This might not be a significant piece of information for people who are normally drafting or modeling in the program, but it affects how it calculates other functions with the wall, window or door placement, complex profile wall configurations, and so on and so forth.
And to underline this you can actually turn on one of the display options to show wall directions and you'll see each wall has a "direction" that's indicated by an arrowhead checkmark on the reference line in plan.
Again, for most people, this is meaningless information, so much so that this display option command is turned off by default.
So with a full circle from a mathematical standpoint, you run into a problem when you try to apply that same logic because obviously the stand and end point are one and the same.
So how do you define the direction of the curve in this instance?
And the program needs to be able to do that (like I said, under-the-hood stuff of how it works and operates and generates geometry. Some smarter person in software engineering and development might chime in to explain how exactly it matters since my explanation is only surface level and I can only try to explain it from a basic mathematics and geometry standpoint).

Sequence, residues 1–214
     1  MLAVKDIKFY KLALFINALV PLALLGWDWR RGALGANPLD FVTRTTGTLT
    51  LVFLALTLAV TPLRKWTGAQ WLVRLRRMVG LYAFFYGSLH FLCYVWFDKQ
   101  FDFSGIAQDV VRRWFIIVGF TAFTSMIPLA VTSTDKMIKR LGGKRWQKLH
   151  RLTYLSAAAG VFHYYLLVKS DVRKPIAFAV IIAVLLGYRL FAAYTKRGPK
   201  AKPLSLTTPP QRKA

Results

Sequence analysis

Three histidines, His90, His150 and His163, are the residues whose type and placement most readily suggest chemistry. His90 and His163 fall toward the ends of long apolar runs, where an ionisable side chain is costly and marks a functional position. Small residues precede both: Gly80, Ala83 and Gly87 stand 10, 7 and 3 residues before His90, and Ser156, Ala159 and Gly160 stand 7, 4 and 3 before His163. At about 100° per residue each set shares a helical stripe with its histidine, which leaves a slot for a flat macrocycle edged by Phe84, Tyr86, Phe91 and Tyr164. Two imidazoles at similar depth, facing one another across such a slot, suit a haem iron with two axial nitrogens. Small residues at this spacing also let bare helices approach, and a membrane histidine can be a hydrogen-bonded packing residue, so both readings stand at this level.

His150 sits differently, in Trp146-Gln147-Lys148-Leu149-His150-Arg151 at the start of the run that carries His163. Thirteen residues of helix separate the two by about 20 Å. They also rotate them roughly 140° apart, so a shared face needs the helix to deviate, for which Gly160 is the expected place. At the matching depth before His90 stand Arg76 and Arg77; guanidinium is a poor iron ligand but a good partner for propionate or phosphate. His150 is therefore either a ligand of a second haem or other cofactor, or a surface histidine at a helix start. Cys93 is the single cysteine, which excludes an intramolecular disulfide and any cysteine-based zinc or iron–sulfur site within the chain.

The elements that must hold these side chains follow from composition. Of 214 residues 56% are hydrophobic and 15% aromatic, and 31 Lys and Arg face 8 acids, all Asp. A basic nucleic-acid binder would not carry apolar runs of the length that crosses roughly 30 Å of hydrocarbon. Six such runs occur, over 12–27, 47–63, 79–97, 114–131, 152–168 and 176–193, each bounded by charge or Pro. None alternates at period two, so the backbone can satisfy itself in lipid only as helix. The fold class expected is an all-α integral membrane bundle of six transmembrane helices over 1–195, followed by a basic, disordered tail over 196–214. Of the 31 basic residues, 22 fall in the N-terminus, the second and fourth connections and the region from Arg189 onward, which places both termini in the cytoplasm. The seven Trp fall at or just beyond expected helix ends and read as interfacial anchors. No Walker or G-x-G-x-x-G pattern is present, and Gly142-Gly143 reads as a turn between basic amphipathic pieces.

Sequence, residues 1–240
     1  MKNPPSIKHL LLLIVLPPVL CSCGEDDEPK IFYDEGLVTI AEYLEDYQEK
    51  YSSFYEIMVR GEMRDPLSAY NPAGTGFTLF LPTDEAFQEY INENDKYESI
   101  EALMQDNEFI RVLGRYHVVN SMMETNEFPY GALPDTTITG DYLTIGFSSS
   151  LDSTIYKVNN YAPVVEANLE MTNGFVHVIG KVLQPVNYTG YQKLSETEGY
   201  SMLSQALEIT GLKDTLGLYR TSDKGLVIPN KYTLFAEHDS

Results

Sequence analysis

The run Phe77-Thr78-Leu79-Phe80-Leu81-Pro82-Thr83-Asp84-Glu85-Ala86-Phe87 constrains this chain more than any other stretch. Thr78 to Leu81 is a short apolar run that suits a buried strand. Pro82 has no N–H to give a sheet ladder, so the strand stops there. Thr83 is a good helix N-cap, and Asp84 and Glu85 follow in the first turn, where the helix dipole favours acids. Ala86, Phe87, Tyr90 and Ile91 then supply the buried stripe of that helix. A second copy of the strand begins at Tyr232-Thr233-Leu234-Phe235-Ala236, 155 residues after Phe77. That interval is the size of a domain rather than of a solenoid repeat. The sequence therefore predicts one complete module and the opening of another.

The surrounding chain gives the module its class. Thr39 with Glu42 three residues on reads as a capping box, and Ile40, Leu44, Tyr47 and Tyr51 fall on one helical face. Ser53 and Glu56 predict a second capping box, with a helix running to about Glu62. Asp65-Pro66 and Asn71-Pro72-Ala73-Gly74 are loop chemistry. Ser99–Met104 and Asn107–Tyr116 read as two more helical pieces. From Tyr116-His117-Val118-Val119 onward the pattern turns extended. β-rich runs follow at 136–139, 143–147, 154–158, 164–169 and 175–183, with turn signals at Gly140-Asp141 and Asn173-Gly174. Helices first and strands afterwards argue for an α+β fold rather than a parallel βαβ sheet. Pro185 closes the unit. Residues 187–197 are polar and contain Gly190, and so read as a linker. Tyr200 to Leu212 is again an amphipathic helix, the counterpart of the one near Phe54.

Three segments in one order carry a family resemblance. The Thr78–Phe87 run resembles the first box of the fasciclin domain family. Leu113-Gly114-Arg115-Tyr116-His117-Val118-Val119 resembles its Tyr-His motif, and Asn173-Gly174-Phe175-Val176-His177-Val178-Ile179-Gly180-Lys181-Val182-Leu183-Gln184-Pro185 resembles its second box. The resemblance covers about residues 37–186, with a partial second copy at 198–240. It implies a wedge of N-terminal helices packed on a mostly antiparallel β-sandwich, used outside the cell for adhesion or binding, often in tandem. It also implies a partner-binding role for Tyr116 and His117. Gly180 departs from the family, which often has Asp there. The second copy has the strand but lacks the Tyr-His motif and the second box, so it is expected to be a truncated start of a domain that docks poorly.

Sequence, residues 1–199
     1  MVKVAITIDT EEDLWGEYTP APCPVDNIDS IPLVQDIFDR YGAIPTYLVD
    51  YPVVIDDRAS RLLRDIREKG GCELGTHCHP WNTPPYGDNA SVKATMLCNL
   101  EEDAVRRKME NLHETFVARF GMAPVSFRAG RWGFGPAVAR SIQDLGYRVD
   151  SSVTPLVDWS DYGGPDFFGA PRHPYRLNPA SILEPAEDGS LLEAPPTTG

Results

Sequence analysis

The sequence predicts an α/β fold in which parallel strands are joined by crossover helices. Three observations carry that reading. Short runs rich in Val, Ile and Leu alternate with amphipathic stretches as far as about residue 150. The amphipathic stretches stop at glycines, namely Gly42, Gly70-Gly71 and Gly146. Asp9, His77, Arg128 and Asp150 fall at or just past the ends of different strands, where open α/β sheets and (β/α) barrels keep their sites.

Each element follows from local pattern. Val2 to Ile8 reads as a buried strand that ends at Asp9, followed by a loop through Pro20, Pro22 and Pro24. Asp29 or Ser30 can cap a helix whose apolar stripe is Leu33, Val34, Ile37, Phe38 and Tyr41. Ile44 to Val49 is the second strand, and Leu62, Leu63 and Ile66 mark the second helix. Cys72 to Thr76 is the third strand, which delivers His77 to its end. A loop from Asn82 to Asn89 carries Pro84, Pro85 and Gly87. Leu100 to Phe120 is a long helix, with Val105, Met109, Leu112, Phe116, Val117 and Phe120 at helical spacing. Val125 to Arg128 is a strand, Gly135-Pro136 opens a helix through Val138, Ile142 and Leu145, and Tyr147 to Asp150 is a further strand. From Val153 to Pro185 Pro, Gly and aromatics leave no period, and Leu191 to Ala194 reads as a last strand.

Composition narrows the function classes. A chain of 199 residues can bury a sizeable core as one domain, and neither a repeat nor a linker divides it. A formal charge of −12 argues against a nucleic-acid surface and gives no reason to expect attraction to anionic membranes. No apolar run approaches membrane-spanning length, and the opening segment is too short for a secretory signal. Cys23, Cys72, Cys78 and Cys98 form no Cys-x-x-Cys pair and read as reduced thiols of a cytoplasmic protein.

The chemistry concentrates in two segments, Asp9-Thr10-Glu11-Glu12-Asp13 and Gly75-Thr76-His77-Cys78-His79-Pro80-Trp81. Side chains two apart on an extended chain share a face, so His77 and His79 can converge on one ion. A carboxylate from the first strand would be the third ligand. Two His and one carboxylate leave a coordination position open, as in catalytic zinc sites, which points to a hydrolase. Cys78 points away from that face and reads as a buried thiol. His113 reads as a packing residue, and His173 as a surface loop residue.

So the simple solution for the program becomes to automatically split the circle into two curves that still define a circle together, but which each have a distinct and defined start and end point and both of which can have their direction arrow turned on and shown correction.
It might have a lot also to do with the fact that the program has to have walls have an "inside" and an "outside" (which of course lends itself to how it's constructed, where finishes or cladding are applied, and how these can be switched or interchanged on the fly and still maintain some overall logical consistency in how that wall interacts with adjacent walls or slabs),